Thursday, November 5, 2015

We Must Keep Dreaming

I have often told people of a dream I had once a few years ago that was at once both practical and fantastical. Visually it was something of a blur with little defined or specified aside from patches of green, brown, white, blue and orange. What I remember most clearly from this dream, however, was not what I saw in my unconsciousness, but what I heard, and it was one, simple, declarative statement.

"The New York Mets have won the World Series."

It shouldn't be a surprise that I might dream about hearing this. If you read this blog, if you know me personally -- hell -- if you've seen me walking on the street, you know I've been a Mets fan roughly two and a half decades. You know I've cared about this team so long that it felt less like a choice than a happenstance akin to my having brown eyes or being Jewish. You know that I've shamelessly peppered my nephews with Mets merchandise in hopes they, too, will feel the same way one day.  That I might dream of the Mets winning the World Series may be a bit sad for a 30-year-old man, but it is hardly a shock.

What was noteworthy about this dream, was not that it was about the Mets winning the World Series, but rather, that my it was the only time I can recall dreaming, pausing my dream and then rewinding my dream so I could see it twice. Even my subconscious knows seeing this team that is often so inept and dysfunctional win a world championship is such a ridiculous concept, it had to see it twice to verify what, in fact, it was seeing.

I'm not sure if that says more about the Mets or my neuroses -- or perhaps how misaligned my priorities are -- but it certainly says that in my very core, I don't really believe I'll ever see this happen.

I have now had a few days to cope with the fact that the Mets lost the 2015 World Series to the Kansas City Royals on Sunday night. So many things about this series were frustrating, confusing or bizarrely connected to other parts of my life. For one, I found there to be unmistakable parallel patterns to the only other World Series I have been able to see them play, a loss to the Yankees in 2000 that also included a five-game defeat, a win in Game 3, nearly nothing but close games each night and a momentum-shifting extra-inning loss in Game 1 that came courtesy of a blown save.

That this came against the Royals, a team with no tangible connection to the Mets, but one that plays in one of the few places outside New York where I have a real, tangible social network was equal parts difficult and emotionally confusing. That Luke Hochevar, who was the subject of one of the first stories I produced during my short run at eight years ago when he signed his initial contract, was the winning pitcher of Game 5 despite having a generally disappointing career was a bizarre twist to which I felt a strange personal connection. That this was the very first time I saw my team play in the World Series in person after attending Game 3 this past Friday, made it seem like more real, connected experience than it otherwise would have been. That my brother, often jokingly, but occasionally legitimately, has claimed for years to be a Royals fan to the point that I once bought him a personalized Royals t-shirt as a gift.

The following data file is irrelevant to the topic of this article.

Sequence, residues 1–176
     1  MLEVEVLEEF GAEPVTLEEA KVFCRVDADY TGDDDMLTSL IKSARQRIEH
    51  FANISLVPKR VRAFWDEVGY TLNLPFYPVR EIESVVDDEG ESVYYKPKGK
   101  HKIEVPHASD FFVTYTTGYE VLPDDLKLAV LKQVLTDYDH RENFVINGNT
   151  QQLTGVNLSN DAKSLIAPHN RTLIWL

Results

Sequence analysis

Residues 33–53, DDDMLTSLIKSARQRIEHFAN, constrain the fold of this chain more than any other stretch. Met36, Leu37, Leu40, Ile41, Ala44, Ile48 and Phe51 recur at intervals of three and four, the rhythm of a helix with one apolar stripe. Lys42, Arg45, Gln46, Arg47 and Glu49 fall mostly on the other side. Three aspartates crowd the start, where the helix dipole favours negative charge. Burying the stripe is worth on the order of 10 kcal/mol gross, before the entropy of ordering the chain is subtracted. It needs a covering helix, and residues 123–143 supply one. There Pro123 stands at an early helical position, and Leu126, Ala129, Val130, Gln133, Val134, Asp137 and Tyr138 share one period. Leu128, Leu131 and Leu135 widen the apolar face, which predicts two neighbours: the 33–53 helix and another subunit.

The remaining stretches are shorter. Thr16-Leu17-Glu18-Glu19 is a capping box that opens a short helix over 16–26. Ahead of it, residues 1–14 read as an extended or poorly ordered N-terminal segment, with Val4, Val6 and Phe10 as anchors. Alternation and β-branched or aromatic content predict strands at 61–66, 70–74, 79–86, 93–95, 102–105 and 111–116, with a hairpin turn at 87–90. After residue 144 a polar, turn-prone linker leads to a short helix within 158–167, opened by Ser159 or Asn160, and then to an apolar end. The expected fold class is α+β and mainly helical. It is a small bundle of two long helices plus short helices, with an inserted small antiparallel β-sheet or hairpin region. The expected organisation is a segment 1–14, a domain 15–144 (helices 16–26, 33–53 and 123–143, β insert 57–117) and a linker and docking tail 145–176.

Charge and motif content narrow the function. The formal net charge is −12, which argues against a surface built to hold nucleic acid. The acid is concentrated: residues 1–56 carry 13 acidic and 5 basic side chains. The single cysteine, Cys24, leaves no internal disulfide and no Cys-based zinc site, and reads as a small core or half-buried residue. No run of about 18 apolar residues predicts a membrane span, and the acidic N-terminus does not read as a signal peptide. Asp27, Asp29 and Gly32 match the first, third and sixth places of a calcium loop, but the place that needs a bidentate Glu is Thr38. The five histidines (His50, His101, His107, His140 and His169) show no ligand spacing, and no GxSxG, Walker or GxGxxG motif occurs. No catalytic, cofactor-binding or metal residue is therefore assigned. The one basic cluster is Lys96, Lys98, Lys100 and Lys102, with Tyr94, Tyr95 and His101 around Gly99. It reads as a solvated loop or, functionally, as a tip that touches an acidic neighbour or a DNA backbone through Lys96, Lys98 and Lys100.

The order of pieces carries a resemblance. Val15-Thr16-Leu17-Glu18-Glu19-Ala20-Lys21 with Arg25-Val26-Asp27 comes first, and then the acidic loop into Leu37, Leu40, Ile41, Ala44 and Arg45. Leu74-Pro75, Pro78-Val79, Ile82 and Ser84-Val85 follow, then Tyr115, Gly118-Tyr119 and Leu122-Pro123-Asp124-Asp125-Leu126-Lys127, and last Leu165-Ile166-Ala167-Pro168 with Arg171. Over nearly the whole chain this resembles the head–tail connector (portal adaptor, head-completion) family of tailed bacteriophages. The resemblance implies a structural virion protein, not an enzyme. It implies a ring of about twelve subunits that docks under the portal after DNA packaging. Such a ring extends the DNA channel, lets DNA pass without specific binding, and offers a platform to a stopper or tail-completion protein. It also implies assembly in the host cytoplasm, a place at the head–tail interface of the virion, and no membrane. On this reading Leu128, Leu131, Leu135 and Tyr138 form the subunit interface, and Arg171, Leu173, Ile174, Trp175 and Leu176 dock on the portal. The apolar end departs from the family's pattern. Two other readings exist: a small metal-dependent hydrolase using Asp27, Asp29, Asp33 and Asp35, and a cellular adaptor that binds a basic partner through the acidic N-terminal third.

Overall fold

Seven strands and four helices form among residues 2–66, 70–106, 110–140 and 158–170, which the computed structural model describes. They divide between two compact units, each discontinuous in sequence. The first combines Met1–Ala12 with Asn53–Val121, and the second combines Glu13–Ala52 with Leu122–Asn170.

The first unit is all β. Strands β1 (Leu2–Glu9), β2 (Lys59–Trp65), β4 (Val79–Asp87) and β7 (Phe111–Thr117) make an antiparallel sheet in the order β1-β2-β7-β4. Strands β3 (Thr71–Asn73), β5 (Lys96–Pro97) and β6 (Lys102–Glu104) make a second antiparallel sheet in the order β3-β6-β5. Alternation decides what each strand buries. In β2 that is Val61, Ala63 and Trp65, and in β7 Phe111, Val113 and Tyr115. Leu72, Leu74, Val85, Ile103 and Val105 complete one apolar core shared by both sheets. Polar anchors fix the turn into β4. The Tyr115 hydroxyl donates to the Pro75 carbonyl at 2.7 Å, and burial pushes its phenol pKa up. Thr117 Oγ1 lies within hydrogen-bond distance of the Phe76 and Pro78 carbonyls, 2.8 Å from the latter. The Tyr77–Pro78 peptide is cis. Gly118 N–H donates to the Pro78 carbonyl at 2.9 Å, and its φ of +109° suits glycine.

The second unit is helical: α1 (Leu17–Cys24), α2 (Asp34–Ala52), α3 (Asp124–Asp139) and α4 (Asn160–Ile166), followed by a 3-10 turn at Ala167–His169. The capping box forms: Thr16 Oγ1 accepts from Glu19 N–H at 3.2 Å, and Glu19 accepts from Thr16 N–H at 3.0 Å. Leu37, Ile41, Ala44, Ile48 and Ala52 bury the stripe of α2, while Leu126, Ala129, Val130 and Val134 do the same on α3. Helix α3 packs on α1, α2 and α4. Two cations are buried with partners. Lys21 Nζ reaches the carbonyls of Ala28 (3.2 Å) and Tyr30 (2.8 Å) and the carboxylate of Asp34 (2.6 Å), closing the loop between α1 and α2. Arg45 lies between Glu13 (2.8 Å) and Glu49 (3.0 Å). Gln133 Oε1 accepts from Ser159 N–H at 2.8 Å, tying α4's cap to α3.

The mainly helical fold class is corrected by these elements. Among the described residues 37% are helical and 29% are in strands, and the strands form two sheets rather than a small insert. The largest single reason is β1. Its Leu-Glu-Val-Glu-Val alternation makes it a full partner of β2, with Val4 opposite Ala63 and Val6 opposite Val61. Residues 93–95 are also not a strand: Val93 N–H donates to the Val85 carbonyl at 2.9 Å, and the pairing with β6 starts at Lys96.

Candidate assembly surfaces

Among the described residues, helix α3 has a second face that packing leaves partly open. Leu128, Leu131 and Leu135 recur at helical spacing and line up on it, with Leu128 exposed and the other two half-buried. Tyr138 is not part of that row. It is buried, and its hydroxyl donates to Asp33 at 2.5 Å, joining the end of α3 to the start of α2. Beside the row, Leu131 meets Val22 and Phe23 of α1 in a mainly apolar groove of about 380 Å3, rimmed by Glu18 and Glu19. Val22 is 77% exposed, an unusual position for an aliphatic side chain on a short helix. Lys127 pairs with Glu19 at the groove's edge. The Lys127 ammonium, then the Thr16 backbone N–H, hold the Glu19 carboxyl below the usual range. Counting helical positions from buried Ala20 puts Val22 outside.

And then there was the Marathon. When I speak of the Marathon I refer not to the epic first and final games of the series. I refer to the New York Marathon, which I ran Sunday morning for the first and likely only time. Don't get me wrong. I'm not self-serving enough to think that there is really any major connection with my running the marathon and the Mets. We are unrelated, unconnected entities. But as it was arguably the greatest achievement, at least physically, of my life, and that I ran with a Mets rally towel from Game 1 of the NLCS, which I waved at any cheering on-lookers wearing Mets gear, of which there were thousands, that I saw dozens of Mets-related signs (one: "If Bartolo Colon can pitch in the World Series, you can run a marathon"), that friends and family held up signs for me that were specifically written in Mets' blue and orange, that the race official loading us onto the Staten Island Ferry at 8 a.m. declared his hopes that the Mets would beat up the Royals that night, that I met up with visiting friend, fellow marathon-runner and Kansas City-native Catherine who was wearing her Royals cap for all 26.2 miles, that the Mets lost the World Series the same day I made this life-changing achievement...